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Knowing Your Culture – The C Word In Financial Firms

Culture in financial services firms is – if not exactly a buzzword – more of a concern to regulators today than some of the themes that have historically preoccupied them.

Hardly surprising, given numerous failures of culture stretching back to the 1980s when governments across the world started deregulating markets: financial crises, bank collapses, huge losses, taxpayer bailouts, corporate and individual misdemeanours – many helped along the way by severe problems in the culture of the failing firms.

I’m not going to use this blog to re-hash war stories that have already had ample publicity and coverage over the decades.

Instead I want to focus on what culture in financial services firms means, partly informed by my own experiences past and current. How do firms formulate and package their culture? Can the language that a firm uses in its external and internal communications provide any leading indicators of its culture?

Can stakeholders such as regulators, depositors, investors, employees and suppliers identify and recognise the underlying culture of a firm, in the absence of adverse – but lagging – indicators such as critical losses, collapse or regulatory failure? What signs or behaviours might be revealing of a shallow or expedient culture?

FRTB: Defining A Target Operating Model

The Fundamental Review of the Trading Book (FRTB) is still a long way away – January 2022 at the latest estimate. But the time will pass quickly. Banks with trading activities need to be planning towards it now or soon.

This blog is derived from a piece of work I did recently for a potential client. It suggests an approach to defining a Target Operating Model (TOM) for implementing the FRTB.

In truth this will be mainly of interest to banks which have not yet started their FRTB planning. For example subsidiaries, smaller banks, and banks with marginal trading activities but exceeding the de minimis exemptions.

Most large banks are well under way with FRTB implementation, and have been for some time, participating in industry groups, Basel Quantitative Impact Studies (QIS) and routine monitoring, getting buy-in from their business leaders, corporate program leaders and strategic IT planners.

But smaller banks, in my experience, are not. Understandably, they prefer to wait and see. There are no real advantages to being first movers in this initiative, which has already evolved far – though not beyond recognition – since 2012.

With so many uncertainties along the path, including Brexit and the strategic regulatory and policy intentions of the US Administration, being in mid-pack is a smart play.

Still, it is worth having a long-term think ahead about how you might eventually implement these rules if you haven’t already.

*** Note: This blog does not constitute advice, but please contact Prism-Clarity for further information, including where to get the best advice. ***

BOEPrism

Risk & Regulation Round-up January to April 2018

This is the latest round-up in the series covering key announcements and developments in UK financial risk and regulation. I take my usual summarised and simplified approach to the main stories, but as always the regulators have been very busy.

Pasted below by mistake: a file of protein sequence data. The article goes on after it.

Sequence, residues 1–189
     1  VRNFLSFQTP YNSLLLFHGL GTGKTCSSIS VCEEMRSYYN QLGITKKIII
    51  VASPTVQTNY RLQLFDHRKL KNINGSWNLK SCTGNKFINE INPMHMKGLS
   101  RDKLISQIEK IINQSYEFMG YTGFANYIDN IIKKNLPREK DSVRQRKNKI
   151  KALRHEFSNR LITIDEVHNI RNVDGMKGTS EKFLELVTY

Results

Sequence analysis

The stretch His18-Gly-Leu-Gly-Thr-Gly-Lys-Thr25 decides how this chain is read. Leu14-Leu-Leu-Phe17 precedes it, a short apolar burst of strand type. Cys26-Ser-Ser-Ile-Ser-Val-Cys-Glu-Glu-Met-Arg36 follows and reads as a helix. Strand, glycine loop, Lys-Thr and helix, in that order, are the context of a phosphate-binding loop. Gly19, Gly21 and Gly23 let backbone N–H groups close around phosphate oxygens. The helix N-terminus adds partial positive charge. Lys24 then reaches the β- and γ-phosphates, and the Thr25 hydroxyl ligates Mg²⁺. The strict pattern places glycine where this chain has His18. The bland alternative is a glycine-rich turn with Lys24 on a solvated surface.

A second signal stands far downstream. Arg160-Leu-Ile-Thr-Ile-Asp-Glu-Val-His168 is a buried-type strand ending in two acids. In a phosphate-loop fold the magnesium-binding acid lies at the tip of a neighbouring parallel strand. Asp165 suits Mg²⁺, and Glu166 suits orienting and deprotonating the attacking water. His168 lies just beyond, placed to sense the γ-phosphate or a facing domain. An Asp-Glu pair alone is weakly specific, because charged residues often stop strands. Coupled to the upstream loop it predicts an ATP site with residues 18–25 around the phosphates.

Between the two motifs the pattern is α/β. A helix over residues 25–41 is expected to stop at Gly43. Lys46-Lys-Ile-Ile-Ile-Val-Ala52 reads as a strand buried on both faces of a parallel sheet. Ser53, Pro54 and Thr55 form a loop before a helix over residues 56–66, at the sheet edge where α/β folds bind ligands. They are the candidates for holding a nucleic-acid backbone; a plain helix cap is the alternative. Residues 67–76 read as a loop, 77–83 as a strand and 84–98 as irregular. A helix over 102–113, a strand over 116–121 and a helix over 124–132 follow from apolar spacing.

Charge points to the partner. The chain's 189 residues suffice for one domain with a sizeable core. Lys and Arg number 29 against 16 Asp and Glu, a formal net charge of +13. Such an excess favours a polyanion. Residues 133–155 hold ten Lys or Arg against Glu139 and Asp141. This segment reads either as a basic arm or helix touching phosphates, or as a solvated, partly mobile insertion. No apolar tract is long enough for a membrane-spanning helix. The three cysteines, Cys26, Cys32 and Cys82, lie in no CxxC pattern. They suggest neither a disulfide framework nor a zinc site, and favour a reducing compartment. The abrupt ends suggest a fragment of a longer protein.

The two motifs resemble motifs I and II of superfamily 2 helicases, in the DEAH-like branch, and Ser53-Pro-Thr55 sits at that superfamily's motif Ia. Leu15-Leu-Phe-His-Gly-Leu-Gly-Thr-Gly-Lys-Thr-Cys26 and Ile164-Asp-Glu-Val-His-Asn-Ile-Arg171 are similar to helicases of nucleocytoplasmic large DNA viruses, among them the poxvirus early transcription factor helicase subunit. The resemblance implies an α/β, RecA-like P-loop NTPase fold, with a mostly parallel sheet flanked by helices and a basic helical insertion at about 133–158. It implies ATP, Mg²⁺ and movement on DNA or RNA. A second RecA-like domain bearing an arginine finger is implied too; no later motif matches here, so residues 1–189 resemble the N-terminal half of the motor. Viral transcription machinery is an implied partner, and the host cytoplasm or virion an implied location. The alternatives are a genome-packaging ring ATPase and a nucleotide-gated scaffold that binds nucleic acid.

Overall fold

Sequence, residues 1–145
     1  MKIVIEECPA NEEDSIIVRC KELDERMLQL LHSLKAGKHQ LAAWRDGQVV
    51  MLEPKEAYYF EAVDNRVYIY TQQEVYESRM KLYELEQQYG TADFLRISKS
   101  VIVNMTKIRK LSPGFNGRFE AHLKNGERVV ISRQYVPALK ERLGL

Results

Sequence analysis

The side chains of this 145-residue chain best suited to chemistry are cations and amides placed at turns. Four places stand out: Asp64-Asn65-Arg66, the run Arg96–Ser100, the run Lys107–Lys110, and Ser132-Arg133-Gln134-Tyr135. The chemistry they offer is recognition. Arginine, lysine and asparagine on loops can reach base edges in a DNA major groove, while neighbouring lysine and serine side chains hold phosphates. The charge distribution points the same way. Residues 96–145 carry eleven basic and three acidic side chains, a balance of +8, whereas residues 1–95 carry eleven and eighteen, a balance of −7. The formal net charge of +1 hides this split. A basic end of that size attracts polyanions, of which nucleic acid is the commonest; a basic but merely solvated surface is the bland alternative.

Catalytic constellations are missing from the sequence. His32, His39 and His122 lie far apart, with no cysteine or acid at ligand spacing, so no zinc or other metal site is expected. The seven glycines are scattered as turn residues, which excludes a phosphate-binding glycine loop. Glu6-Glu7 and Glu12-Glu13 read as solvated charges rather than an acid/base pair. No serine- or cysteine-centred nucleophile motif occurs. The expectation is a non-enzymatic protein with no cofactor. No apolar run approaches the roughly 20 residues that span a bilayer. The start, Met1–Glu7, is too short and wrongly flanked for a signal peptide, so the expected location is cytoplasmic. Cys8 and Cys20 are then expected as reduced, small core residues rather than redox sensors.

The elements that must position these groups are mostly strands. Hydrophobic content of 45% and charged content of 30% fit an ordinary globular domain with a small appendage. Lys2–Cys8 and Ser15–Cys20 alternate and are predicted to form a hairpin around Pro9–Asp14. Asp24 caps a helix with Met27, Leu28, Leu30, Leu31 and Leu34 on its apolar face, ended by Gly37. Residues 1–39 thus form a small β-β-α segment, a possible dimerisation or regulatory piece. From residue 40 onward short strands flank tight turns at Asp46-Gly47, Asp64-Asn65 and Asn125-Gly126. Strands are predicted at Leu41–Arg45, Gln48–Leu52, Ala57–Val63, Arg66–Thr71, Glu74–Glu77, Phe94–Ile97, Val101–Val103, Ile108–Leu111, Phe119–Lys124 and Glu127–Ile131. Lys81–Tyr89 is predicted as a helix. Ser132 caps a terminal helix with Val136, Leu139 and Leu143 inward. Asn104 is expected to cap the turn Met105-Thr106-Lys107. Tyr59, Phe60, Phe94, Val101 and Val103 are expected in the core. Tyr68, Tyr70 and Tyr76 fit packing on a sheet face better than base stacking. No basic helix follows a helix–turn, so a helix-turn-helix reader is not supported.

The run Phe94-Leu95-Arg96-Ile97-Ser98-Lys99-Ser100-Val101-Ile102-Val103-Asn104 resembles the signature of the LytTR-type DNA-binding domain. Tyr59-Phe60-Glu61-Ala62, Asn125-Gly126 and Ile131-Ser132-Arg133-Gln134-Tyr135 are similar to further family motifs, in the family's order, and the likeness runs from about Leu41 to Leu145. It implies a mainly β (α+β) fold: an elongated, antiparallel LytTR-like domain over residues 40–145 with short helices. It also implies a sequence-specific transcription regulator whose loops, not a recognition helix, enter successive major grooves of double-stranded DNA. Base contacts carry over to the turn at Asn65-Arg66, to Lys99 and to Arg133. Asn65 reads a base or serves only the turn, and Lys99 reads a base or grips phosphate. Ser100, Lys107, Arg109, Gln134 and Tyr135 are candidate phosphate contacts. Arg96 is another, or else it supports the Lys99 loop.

A significant development for some of my clients and readers was the announcement by the Basel Committee of key changes to the Fundamental Review of the Trading Book (FRTB), the proposed revamp of the rules on market risk capitalisation of the trading book, which have been in development and consultation for some years: now due for implementation in 2022. See section 1.

Elsewhere, Fintech planning loomed large in the minds of regulatory and government agencies, especially but not only the European supervisory bodies. In similar vein but more broadly, Bank of England Governor Mark Carney made a thoughtful speech on the future of money in the light of the crypto-currency revolution. See section 2.

The topics mentioned here are just key highlights – see the detailed sections for more stories. See individual articles in this blog for links to underlying source stories or documents.

*** Note: The articles in this blog do not constitute advice, but please contact Prism-Clarity for further information, including where to get the best advice. ***

BOEPrism

Risk & Regulation Round-up October to December 2017

This is the latest round-up in the series covering key announcements and developments in UK financial risk and regulation.

As usual I adopt a summarised and simplified approach to the main stories. Links to underlying source stories or documents are contained in individual articles in this blog.

Substantive guidance is now starting to emerge from the regulators on Brexit; in particular the need for some firms to apply for relevant authorisations to do business in the UK post-Brexit, irrespective of the likely implementation period and temporary permissions regime. See section 1 below.

A major regulatory announcement came in December from the Basel Committee: the final set of revisions to the Basel III capital rules. These included confirmation of the new capital floor, delays to the implementation timeline and other changes. See section 2 below.

*** Note: The articles in this blog do not constitute advice, but please contact Prism-Clarity for further information, including where to get the best advice. ***